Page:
Bifengxia Panda Base is in Ya’an, approximately two and a half hours drive from Chengdu. Originally built as a research facility, it only became a tourist spot after the devastating earthquake in May 2008 destroyed the Wolong Panda Reserve. The pandas from Wolong were moved to Bifengxia and where the pandas go, so do the people!!
We arrived at Bifengxia just as it opened and were treated to the sight of empty enclosures – we were so early the pandas weren’t even awake yet! We waited at one enclosure and saw a panda poking its head out of its den. It ventured out but when it saw there was no bamboo, it went back in. The attendants arrived armed with bamboo and the hungry but happy panda got down to the day’s business – eating! We saw a few more of these older pandas before arriving at the much anticipated Panda Kindergarten!
In the first Panda Kindergarten enclosure we were greeted by the vision of two adorable cubs playing and rolling around. There was even a yellow swing in their yard. They were eagerly waiting for the attendant to bring them milk in metal bowls. After slurping down their drinks, the attendants used a tea towel to wipe the face of one of the baby pandas. When they went to the next panda it decided to resist them and rolled around in the spilt milk instead. The attendants were laughing and trying to grab and clean up the cheeky cub. I thought “what a hard job they have – and how do I apply!”
The next Panda Kindergarten enclosure contained five young cubs. Their enclosure also contained toys including a plastic slide and rocking horse that have been featured in many adorable photos! There was fresh bamboo and the pandas were munching away. We watched them play, frolic and then eat. Typical pandas, they weren’t in the mood to do much more than eat so we thought we would check out the rest of the park before returning to see if any antics would be on display.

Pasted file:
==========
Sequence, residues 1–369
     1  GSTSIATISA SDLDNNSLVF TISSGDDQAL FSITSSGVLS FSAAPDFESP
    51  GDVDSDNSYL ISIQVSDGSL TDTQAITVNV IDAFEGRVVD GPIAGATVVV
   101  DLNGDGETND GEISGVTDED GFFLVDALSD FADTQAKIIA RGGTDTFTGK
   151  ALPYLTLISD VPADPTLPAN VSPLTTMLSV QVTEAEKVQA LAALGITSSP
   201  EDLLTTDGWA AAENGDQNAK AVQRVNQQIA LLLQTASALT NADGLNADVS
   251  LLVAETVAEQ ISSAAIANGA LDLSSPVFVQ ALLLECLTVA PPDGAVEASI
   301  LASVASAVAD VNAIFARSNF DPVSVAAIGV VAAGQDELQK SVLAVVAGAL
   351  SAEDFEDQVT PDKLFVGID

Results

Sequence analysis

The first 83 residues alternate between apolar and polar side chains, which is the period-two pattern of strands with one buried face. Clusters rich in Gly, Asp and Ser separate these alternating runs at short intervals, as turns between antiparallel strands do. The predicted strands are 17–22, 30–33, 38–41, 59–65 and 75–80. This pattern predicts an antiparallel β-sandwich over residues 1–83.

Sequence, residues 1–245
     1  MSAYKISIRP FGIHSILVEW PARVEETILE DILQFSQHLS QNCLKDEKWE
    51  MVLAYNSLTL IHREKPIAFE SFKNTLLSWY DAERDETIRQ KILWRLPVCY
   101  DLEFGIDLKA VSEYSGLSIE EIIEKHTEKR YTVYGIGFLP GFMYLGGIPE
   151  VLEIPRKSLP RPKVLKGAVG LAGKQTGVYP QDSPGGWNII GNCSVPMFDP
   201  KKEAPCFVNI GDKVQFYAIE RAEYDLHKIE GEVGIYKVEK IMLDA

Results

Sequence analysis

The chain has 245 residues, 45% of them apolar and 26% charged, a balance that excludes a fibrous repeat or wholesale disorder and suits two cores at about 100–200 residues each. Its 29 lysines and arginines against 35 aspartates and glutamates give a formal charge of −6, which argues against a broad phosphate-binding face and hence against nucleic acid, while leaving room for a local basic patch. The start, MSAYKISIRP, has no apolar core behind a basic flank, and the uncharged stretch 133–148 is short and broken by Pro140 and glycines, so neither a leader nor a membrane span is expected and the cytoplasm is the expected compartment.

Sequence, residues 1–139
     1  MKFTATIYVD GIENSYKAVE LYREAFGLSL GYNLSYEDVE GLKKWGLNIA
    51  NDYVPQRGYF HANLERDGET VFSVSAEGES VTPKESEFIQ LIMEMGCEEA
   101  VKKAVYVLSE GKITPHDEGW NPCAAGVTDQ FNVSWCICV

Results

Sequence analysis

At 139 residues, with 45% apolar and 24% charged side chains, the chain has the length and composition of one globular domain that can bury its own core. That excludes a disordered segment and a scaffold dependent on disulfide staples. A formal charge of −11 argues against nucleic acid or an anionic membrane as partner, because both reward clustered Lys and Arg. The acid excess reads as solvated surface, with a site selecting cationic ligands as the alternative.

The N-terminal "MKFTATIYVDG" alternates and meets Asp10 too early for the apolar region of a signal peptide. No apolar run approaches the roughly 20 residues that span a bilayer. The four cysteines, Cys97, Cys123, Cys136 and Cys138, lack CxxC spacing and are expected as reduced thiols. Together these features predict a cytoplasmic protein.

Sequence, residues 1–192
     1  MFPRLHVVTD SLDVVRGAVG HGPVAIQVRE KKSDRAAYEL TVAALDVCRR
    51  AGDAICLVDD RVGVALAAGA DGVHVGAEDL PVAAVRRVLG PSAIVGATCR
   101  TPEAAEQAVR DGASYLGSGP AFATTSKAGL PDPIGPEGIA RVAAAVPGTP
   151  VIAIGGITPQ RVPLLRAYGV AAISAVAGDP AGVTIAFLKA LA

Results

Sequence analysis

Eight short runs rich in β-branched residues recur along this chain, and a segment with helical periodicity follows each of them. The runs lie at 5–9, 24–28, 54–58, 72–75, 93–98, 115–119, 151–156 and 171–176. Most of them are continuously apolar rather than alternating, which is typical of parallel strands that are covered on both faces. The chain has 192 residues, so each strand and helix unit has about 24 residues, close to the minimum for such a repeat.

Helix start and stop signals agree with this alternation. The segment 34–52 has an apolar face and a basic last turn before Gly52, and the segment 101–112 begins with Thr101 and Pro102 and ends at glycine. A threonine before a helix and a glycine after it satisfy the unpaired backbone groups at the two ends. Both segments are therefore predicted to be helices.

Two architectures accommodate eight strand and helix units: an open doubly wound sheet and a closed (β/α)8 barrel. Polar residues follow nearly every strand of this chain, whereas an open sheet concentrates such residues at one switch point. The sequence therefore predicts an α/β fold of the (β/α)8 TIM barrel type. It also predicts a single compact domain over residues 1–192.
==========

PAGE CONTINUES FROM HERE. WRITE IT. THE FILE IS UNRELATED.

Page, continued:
The next section we visited was the overseas born panda section. One of the pandas housed there was Tai Shan Butterstick! He was nicknamed Butterstick after a zookeeper at the National Zoo in Washington said that he was the size of a stick of butter when he was born. We were so happy to see him. We snapped photo after photo of this handsome bear. We visited all the other overseas born pandas before returning to the Panda Kindergarten.
And we are so glad we did. The five young pandas had finished their bamboo and were ready to rumble! They fought with each other, chased each other, rolled around together and then, to the delighted gasps of everyone watching, they ran up trees and showed us just how arboreal pandas really are. We watched spellbound as one daredevil panda travelled along a tree limb and then kept walking along, even though the limb was getting thinner and thinner. Then, graceful as a tightrope walker, the nimble panda turned around on the limb and promptly sat down. We all screamed as we were terrified that the little bear was going to fall. But the panda settled into a koala-like pose and amazingly didn’t fall. The pandas settled into the trees where they would spend most of the afternoon. It was sadly time to leave and my heart broke a little as I realised this was the end of the panda part of my trip to China.
Bifengxia Panda Base is in a mountainous area with spectacular peaks, deep gorges, waterfalls and beautiful forest. There are trails through the gorge for either short or long walks. Paul and our guide Haba chose to go for a short one hour trek through the gorge which Paul said was spectacular. I chose to stay behind in the car with the driver and meet Paul at the end of the track where there was a waterfall and a 91.8 metre tall elevator that takes travellers from the bottom of the gorge up to the carpark. It is apparently the tallest sightseeing elevator in the world. The view from the top down over the waterfalls was spectacular. After an extraordinary day, we returned to our hotel for our final night.